Abandoned: Caixa Forum Entry by Laura Weinstein-Berman

Every time I see an abandoned building, I see opportunity. As many have pointed out, “nothing good happens in abandoned buildings,” and preservation provides creative solutions to revitalize and beautify communities. Especially as industrial architecture becomes obsolete in an increasingly technological world, resolutions to adaptively reuse these structures will become diverse and essential.

One of the most impressive projects I have seen is located on the Paseo del Prado in Madrid. Designed by prolific Swiss architects Herzog & deMeuron, the renovation was completed in 2007.

The abandoned electrical station (built in 1899) was purchased by La Caixa, a Spanish financial institution, with the intent to be a catalyst for change in the neighborhood. By providing a cultural space, the structure is now a main attraction for Madrid residents and tourists alike, with proximity to the Prado, the Reina Sofia and the Thyssen-Bornemisza museums.

The original electrical station has been lifted off the ground, providing a new plaza beneath and creates a floating effect of the building. This not only created a unique solution to new programmatic issues within the structure, but also allowed the architects to repurpose the original brick structure. The top floors are encased with oxidized cast-iron to provide a similar color to the original brick and also speak to the industrial past of the site.CaixaForum_2_LUCCrowdsourcing has also become an interesting intersection of technology and community development, to help identify potential abandoned sites to be developed. I recently came across Impossible Living, a technology platform that connects investors and concerned citizens to create value in blighted areas. Another project in Detroit, Motor City Mapping, encourages investment to prevent abandoned structures and lots through open information sources. As technology improves and open-source data becomes more accessible, prospects to celebrate and find new life for currently abandoned buildings should create positive economic and cultural impacts on neighborhoods.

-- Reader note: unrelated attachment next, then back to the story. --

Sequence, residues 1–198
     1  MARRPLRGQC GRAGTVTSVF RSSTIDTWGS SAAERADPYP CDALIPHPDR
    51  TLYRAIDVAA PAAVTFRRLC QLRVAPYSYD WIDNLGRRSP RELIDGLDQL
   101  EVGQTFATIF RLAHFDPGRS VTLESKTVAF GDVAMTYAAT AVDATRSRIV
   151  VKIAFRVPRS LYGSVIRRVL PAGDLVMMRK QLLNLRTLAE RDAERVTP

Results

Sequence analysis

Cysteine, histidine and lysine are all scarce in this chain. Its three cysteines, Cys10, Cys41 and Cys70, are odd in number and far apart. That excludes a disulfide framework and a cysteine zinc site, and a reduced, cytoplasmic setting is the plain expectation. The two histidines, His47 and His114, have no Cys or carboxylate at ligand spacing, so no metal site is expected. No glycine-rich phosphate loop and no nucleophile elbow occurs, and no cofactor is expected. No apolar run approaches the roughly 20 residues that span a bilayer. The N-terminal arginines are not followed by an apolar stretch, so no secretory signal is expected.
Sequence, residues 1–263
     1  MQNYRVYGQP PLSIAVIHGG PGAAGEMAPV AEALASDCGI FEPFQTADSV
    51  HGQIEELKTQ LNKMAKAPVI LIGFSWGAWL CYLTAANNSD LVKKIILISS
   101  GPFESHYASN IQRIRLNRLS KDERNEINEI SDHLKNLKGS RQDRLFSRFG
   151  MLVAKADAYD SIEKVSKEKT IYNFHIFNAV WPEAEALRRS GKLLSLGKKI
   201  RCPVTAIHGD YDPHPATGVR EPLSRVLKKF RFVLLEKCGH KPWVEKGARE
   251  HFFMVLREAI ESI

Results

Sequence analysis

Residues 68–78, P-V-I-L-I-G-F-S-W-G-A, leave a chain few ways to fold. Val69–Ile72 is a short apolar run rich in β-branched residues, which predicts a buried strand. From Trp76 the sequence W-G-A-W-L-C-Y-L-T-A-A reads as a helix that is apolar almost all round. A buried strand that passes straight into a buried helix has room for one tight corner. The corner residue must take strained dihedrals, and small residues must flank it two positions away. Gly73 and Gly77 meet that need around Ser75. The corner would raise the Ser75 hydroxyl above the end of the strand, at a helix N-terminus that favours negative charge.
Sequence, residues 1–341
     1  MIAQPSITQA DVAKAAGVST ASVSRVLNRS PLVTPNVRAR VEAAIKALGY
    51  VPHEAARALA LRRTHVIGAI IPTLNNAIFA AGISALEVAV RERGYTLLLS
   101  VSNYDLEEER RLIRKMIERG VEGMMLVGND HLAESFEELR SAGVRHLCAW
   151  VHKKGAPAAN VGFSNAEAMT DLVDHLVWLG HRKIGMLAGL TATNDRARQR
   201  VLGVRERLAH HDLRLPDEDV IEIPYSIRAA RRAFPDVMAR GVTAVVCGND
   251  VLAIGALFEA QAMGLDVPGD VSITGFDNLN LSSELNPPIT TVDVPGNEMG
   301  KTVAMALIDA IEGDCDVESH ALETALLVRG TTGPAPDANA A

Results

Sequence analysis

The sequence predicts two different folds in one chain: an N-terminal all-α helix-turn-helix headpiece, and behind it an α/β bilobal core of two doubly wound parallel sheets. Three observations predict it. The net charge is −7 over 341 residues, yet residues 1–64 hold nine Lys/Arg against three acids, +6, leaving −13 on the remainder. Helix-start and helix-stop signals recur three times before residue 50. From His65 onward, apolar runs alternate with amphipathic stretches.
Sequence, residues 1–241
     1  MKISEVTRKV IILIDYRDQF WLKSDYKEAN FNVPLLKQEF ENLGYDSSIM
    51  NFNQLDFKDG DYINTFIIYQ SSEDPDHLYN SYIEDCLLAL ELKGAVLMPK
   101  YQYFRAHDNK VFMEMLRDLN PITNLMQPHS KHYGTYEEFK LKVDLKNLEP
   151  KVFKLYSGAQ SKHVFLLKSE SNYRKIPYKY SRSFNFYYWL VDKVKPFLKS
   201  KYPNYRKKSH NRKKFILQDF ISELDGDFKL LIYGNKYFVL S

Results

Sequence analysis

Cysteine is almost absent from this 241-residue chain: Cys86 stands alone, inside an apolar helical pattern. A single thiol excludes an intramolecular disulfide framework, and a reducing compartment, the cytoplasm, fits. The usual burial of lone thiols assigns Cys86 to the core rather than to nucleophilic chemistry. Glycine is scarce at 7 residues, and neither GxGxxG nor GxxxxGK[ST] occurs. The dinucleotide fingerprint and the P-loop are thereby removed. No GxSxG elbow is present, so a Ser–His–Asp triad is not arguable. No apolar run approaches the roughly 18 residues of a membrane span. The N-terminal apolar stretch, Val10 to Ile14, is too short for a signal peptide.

• Caixa Forum, Paseo del Prado, Madrid, Spain
  • Original building: 1899, electrical station
  • New building: 2007, Herzog & deMeuron, cultural center


  1. Fernando Márquez Cecilia; Richard Levene (Eds.): El Croquis. Herzog & de Meuron 2005-2010. Programme, Monument, Landscape. Programa, Monumento, Paisaje. Vol. No. 152/153, Madrid, El Croquis, 2010.
  2. Jacques Herzog: Caixa Forum. Madrid. Interview with Jacques Herzog. In: Supplement: X Bienal Española de Arquitectura y Urbanismo. 10th Spanish Architecture and Urbanism Biennal. Madrid, StudioBananaTV, 2009. DVD, 3′ 44”.
  3. Gerhard Mack, Herzog & de Meuron: Herzog & de Meuron 1997-2001. The Complete Works. Volume 4. Edited by: Gerhard Mack. Basel / Boston / Berlin, Birkhäuser, 2008. Vol. No. 4.
  4. Nobuyuki Yoshida (Ed.): Architecture and Urbanism. Herzog & de Meuron 2002-2006. Tokyo, A+U Publishing Co., Ltd., 08.2006.
  5. http://www.arcspace.com/features/herzog–de-meuron/caixa-forum/
  6. http://www.fastcoexist.com/1681844/restarting-neighborhoods-by-reactivating-abandoned-buildings
  7. http://opengov.newschallenge.org/open/open-government/submission/crowdsourcing-abandoned-properties-data-and-helping-residents-and-cities-act-on-that-information/